War against Covid: Satkhira youths arm themselves with oxygen cylinders

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Volunteers taking the oxygen cylinder to those in need. Photo: Zahid Amin

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Volunteers taking the oxygen cylinder to those in need. Photo: Zahid Amin

In the fight against the third wave of Covid-19 infections, youths in Bangladesh’s southern district of Satkhira have taken a united front.

The pandemic has stretched the already struggling health sector quite thin and this means more hands were needed to tackle the issue.  

In Satkhira, a border district which has seen a spike in Covid-19 cases after the Delta variant started wreaking havoc, 800 young people — involved with 24 youth organisations in seven upazilas — are working to provide critical oxygen support to those in need.

It is an example of citizens taking matters into their own hands at a time when the available infrastructure right now is not enough to serve everyone.

For a population of over two million people in the district, there is one government-dedicated Covid-19 hospital — Satkhira Medical College and Hospital (SMCH), a 250-bed facility.

“There are private hospitals that do offer Covid-19 treatment to patients,” says SMCH Resident Medical Officer Dr Ahamed Al Maruf.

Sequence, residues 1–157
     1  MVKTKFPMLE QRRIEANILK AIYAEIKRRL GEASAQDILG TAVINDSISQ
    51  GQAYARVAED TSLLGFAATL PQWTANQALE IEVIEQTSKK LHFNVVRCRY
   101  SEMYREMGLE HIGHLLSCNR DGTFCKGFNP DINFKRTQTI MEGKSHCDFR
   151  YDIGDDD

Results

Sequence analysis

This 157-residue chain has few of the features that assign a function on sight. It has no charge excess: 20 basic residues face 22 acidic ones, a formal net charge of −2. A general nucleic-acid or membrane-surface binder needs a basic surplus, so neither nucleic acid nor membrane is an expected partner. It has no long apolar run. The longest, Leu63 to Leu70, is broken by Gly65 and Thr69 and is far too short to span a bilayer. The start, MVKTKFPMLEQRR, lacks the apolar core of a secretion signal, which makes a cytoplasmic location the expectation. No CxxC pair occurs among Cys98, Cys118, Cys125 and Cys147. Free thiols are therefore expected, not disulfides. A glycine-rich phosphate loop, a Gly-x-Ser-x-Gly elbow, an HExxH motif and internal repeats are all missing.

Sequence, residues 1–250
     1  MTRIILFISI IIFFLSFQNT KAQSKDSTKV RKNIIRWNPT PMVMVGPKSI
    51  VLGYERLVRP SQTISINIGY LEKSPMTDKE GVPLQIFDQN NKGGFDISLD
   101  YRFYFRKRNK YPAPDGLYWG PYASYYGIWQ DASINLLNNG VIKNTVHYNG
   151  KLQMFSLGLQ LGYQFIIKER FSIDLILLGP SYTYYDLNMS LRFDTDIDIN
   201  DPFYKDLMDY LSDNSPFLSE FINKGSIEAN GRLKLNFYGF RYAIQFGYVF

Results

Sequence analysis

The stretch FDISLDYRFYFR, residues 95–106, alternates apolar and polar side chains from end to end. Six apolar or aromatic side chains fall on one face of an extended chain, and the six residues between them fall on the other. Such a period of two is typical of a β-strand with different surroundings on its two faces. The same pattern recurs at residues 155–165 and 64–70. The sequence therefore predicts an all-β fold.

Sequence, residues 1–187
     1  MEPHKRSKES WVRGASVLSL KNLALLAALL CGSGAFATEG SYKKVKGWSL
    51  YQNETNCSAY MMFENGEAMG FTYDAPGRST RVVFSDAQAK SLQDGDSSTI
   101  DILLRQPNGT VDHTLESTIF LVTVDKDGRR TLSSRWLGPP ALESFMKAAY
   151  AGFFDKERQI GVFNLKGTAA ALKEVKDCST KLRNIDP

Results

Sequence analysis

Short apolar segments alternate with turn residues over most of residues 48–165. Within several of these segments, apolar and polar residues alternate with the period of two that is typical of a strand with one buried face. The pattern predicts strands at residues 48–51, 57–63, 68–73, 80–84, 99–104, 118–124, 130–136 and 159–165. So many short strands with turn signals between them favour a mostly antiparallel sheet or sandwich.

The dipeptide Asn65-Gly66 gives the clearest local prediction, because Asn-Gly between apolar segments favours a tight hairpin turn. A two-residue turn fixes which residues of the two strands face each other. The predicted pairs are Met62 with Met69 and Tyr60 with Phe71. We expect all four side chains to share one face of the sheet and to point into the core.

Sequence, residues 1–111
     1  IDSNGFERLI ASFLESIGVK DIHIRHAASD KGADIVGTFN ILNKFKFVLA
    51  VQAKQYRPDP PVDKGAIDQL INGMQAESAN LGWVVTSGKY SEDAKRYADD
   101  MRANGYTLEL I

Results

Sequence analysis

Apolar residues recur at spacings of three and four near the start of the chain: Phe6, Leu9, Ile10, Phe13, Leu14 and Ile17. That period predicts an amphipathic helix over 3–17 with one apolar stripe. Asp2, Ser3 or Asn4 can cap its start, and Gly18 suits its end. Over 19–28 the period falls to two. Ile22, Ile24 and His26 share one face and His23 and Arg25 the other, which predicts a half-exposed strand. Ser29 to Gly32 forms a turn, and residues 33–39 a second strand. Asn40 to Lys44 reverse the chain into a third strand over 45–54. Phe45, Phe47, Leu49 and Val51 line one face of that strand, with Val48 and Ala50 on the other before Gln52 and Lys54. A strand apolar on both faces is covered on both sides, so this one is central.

The treatment there, however, is too expensive for the general population, says Zahid Amin, Project Coordinator of Disaster and Humanitarian Action at Uttaran, an NGO based in Satkhira.

Uttaran is a part of the district-wide collaboration with the 24 youth organisations to provide Covid-19 relief and primary health support to patients.

Many volunteer groups such as Satkhira Blood Foundation, a small volunteer-run organisation based in the Sadar upazila, were among the first that started providing oxygen cylinders independently at the beginning of May, when the situation started deteriorating in Satkhira due to the spread of the Delta variant. The Satkhira Blood Foundation started with five oxygen cylinders.

Uttaran initiated their oxygen bank in the district on July 5. Satkhira Blood Foundation was their technical partner and soon the collaboration picked up steam. They brought the 24 youth-organisations that had been working from the beginning of the first wave — under their umbrella and initiated one hotline number to streamline the process. These youth organisations inlcude Green Man, Covid 19 Response Team, Amraa Bondhu, Tala Blood Bank, Shohanuvuti, Manobsheba Blood Foundation, Patkelghata Blood Foundation, Alokito Chargram, Srimontokathi SatroKollan Parishad, Pathok Forum, Shyamnagar Blood bank, Utsharga Society and Gabura Raktadan Sanghstha among others.